How to Upgrade Software While Retaining Customizations

Today, the customized, siloed nature of technology supporting different lines of business makes it difficult for companies to make the consistent upgrades needed to leverage rapid advances in technology or user interface. Because significant competitive advantage can be gained by upgrading, Knowledge Center contributor Bill Hyman explains how to upgrade software while still preserving the customizations that were previously made to it.


For years, commercial software providers have delivered turnkey software applications to their customers that address a focused set of business requirements. These applications implement a robust set of business functions that capture and promote industry-wide best practices and provide an affordable alternative to custom software development.

However, licensees of these software packages frequently need to address functional gaps between what the software provider delivers and what their unique business requirements demand. Closing these gaps requires the licensee to either customize the software solution or wait for future product enhancements to arrive. Most choose to customize the package to address fundamental product gaps and to implement new features that are competitive differentiators.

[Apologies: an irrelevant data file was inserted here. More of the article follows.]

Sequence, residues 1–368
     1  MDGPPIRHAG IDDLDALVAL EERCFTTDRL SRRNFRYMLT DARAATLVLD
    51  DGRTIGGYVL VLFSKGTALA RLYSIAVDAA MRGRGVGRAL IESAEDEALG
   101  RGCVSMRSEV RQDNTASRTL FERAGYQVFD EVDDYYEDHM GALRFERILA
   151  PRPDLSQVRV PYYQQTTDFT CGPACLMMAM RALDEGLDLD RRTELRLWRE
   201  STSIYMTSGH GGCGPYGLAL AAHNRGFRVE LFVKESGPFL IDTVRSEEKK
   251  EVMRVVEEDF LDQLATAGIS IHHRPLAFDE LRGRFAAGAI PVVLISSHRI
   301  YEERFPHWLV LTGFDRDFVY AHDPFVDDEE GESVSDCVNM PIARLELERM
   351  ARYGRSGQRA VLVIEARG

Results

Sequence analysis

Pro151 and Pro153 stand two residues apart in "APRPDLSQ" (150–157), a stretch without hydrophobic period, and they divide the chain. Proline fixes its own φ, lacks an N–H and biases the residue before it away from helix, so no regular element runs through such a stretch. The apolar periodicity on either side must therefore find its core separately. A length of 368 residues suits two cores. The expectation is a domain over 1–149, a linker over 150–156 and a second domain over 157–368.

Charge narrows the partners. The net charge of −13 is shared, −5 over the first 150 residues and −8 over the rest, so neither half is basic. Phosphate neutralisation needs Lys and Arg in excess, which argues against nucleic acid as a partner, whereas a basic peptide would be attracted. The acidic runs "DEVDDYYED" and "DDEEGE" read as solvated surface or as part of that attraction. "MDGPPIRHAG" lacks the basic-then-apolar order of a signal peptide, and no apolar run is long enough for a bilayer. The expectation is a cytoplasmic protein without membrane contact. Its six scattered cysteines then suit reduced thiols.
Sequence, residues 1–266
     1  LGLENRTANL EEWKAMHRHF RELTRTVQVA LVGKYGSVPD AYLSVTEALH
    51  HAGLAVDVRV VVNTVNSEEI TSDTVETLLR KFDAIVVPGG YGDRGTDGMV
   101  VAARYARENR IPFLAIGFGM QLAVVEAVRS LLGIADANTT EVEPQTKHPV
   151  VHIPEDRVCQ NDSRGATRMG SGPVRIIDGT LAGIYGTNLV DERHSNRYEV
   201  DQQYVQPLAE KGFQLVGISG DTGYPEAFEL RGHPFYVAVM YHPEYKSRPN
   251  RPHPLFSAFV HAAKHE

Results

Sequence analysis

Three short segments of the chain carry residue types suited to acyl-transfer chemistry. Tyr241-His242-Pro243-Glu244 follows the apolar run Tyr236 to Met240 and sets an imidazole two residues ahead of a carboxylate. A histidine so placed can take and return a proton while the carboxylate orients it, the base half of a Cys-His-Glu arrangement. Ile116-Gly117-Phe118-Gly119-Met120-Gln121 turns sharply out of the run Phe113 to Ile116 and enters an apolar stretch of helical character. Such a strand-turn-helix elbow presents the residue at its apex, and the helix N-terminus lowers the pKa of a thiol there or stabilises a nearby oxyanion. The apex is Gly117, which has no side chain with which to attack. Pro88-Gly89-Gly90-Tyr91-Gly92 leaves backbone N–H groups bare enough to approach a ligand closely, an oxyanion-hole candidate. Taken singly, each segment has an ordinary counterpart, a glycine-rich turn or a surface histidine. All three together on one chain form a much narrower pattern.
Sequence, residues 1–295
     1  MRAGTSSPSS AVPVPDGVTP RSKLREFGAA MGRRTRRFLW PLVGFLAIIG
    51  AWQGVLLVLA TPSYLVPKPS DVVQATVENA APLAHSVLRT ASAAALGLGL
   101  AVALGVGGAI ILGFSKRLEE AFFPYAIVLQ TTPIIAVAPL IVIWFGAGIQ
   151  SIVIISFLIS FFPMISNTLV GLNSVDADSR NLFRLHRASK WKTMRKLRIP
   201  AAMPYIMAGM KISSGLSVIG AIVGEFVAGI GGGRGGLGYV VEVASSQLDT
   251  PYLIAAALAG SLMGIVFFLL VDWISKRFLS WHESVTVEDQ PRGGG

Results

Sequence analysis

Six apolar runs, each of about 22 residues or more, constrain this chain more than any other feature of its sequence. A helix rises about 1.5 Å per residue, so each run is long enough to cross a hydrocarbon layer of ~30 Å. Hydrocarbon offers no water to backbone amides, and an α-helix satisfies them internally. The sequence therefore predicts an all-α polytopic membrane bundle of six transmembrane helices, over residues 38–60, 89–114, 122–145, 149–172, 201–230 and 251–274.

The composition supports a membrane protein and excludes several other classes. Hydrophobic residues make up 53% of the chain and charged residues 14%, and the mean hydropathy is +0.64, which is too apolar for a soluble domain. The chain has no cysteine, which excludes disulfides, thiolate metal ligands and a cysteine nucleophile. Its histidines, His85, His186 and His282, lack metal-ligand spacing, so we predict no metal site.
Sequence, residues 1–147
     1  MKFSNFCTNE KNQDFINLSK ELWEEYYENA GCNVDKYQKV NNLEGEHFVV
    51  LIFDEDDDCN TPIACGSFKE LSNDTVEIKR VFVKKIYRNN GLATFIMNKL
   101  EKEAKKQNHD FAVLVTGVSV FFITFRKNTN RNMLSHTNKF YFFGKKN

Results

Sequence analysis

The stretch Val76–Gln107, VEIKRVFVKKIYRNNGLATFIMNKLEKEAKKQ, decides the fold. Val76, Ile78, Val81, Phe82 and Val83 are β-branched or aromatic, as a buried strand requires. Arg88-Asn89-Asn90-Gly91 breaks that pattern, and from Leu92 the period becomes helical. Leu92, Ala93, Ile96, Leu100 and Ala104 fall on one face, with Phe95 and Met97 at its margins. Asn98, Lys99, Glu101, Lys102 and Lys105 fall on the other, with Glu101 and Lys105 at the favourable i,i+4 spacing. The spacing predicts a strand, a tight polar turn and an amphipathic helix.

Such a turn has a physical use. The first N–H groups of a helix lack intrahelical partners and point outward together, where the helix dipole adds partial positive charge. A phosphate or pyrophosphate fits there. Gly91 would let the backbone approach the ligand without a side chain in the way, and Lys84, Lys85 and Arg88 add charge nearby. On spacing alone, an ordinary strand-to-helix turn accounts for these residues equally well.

While this implementation approach appears to be a cost-effective and timely way to implement complex software functionality, it does introduce something commonly referred to as the "upgrade dilemma"-the situation that arises when the cost of upgrading a solution to the newest release exceeds the cost of starting over from scratch.

One of the important value propositions in acquiring commercial software is that the vendor provides functional enhancements to the application through subsequent releases. Upgrading a customized software application often requires tedious retrofitting of customizations to the newest release and comprehensive regression testing of the entire software package-even for minor upgrades. Many customers choose to defer the upgrade process due to these costs, but this exacerbates the problem because the deployed version of the software becomes more difficult to upgrade in the future.